GG: [laughs] Do you play Chun-Li?
C: Yes, I do.
GG: I've never played Chun Li, but I've played Dhalsim, and E. Honda. I love E. Honda.
C: I usually like the characters who people never play with; so as opposed to the United States, people here in Costa Rica rarely ever play with Zangief or Dhalsim. They always go for Ryu, Ken, Chun Li. I always play with Chun Li, yes, I admit it, but I was more a Dhalsim guy.
GG: [laughs] There's nothing wrong with Chun Li. She's fast.
GG: Dhalsim I like because of his reach. I mean...I'm kind of cheap.
GG: Like, whenever I play Smash Bros. I play with Samus because you can shoot people. You don't need to be anywhere near someone with Dhalsim: You can punch people from right across the stage.
C: Exactly, but the problem with that is that whenever you try to punch someone and you miss, you're in for trouble.
GG: That's true.
C: Because they have every opening to kick your ass.
I mean, I was never a fighting game expert. I was good, but not incredibly good. My one advantage was that no matter what character I took, my timing was perfect. So, for example, in Mortal Kombat, with Sub Zero I don't think I ever missed a single ice ball.
GG: Okay, so...what would be the favourite games here? I know you mentioned sports games being considered more mature...
C: Here a lot of people like to play racing games, so Gran Turismo, Need For Speed.
GG: I think Need For Speed is huge everywhere.
C: In Costa Rica, most gamers like mostly sports and racing games, and there's a very straight culture where there's an idea of straight guys being obsessed with cars, so they don't necessarily get the games for the competition itself, but because of how cool the cars they can get are.
GG: So it gives them something to identify with?
C: Yes. Exactly.
GG: Like Chun Li.
C: Like Chun Li. [laughs] And the biggest gaming fans here mostly go for RPGs or online shooters. Gears of War was huge here, even though it was for Xbox, and Xbox doesn't really have much of a following here. But that game in particular was huge. And for some reason Resident Evil 5 was a huge hit, even though in the rest of the world there was this opinion that "It's good, but it's not that amazing."
GG: I think it felt a lot like Resident Evil 4.5 to a lot of people.
GG: Did you play Resident Evil 4?
C: I played Resident Evil 4, yes. I loved it because I thought it was necessary to move the series somewhere, but they basically forgot about the horror part of it. But it was really good.
GG: I hear that Resident Evil: Revelations for the 3DS is going back to the horror roots. So it looks like Resident Evil 5, scarily similar considering it's on a little wee handheld, but in a lot of the footage of it there's a lot of stalking down hallways, there's not a lot of zombies, there's not a lot of ammo.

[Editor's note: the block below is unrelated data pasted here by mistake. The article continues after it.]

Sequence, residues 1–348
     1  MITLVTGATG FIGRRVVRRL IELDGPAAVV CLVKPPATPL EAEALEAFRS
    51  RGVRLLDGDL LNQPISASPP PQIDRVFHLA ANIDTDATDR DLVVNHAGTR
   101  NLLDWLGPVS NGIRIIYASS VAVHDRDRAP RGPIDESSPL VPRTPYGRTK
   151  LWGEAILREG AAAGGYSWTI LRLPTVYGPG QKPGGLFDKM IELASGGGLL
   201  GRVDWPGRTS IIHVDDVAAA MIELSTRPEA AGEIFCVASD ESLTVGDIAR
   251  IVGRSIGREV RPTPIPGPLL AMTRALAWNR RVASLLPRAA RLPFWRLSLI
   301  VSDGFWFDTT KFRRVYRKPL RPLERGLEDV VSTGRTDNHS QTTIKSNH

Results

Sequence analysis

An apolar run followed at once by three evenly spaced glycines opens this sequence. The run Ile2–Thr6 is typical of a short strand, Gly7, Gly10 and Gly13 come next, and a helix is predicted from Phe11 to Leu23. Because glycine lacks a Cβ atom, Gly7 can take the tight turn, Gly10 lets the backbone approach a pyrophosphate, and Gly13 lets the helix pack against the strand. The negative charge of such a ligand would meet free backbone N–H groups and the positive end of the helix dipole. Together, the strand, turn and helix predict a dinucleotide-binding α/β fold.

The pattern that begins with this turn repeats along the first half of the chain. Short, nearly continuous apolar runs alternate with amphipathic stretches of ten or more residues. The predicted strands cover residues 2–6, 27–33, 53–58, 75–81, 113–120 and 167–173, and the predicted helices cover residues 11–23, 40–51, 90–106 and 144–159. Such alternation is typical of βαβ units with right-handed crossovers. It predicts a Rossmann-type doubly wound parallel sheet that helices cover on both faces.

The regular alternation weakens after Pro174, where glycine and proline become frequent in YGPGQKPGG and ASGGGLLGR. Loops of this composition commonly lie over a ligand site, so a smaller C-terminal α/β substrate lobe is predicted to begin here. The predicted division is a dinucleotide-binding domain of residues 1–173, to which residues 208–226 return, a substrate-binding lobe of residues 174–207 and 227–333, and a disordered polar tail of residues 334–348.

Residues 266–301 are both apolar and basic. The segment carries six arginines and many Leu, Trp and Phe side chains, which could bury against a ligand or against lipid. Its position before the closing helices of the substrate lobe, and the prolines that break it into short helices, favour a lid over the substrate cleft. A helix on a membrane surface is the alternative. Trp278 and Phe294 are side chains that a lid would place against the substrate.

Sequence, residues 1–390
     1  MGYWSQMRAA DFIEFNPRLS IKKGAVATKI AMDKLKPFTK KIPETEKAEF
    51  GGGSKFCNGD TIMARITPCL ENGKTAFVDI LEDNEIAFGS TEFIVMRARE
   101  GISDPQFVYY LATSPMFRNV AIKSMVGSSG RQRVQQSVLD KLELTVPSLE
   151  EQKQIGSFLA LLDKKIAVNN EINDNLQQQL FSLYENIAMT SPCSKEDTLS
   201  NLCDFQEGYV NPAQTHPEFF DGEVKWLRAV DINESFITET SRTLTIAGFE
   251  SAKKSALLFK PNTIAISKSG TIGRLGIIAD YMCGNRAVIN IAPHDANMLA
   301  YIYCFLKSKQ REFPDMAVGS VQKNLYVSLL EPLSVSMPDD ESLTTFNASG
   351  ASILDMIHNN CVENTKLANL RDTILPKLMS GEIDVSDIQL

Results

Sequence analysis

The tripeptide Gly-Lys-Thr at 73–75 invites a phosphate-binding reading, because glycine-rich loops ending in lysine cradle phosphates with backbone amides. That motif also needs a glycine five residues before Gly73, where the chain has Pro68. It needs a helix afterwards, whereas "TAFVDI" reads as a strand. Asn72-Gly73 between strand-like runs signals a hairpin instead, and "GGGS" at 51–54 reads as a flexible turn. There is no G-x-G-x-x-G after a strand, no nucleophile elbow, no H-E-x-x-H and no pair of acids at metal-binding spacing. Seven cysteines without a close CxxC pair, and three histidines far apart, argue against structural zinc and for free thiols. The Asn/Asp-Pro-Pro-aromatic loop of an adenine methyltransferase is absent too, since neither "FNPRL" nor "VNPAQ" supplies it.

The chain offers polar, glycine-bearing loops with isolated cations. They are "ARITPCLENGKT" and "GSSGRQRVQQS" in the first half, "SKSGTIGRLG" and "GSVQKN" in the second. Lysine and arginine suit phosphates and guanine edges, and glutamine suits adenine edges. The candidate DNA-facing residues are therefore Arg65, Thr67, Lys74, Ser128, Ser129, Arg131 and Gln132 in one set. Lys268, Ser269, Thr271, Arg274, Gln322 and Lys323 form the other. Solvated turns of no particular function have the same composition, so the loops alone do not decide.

C: The thing I felt with Resident Evil, especially Resident Evil 5, is that they just went crazy with the whole siege idea. That you suddenly got surrounded by hundreds of zombies. It was cool in Resident Evil 4, but I think it was over-done in Resident Evil 5.
GG: Okay, now this is a little bit off-topic, but I've always been curious: I'm not a native Spanish speaker. How was the Spanish in Resident Evil 4?
C: It was actually really good.
GG: [laughs] Really?
C: [laughs] And it's good that you brought that up, because we get this thing that whenever we watch movies in which there are Hispanic or Spanish speaking characters, they're all Mexican or Puerto Rican. So for somebody who's from Costa Rica or any other [Spanish-speaking] country, the accent is very different. And sometimes they have people from Spain in those movies or games, and they sound Mexican, which is ridiculous.
One of the things that I liked about Resident Evil 4 is that they got the accent perfectly. I think they actually got some native Spanish speakers to do it, because it is a Spanish accent. That was a little detail that I really loved.
GG: So, we were talking about Resident Evil 4 and 5 moving the game forward...where would you like to see video games going in the near future?
C: Well, I think everyone likes the idea that now we're slowly moving away from the physical copies of the games. You can get the games downloaded, and now there's the idea of adding patches to the games, or additional content. That's a tendency that I really like, because it was really boring whenever you got a game, and you finished it and you realized "Okay, I have no reason to play this game again." Now they've come up with downloadable content they have expansions to the game, and I really like that games can end up becoming like an evolving series. I would like that, like you have TV series, or movies expanding.
I like the fact that, like with Kinect or Move, or initially with the Wii, that it's becoming something more interactive. What I don't like is the tendency of it being like "Yeah! We're playing ping pong!" or "I'm petting an animal!" I think it's really good technology not being used right.
GG: So what would you say are good examples of motion control?
C: Anything that makes you feel like you're connecting, like you're part of the action, that's good. But I think the example of just petting animals...no matter what you do, you're not petting an animal. But, for example, say you're playing as a guy with a sword, the more integrated your moves are with the controller, the more you are in the action. Anything that brings you closer to the action in the game is a good example.
Make sure to check in for the next instalment tomorrow, when we get deeper in to DLC, queer-positive games, homophobia in gaming, and how game developers can be more inclusive for LGBT gamers. We also touch on Silent Hill, Final Fantasy, and Metal Gear Solid.
Thoughts or comments? Discuss below, or head on over to the forums.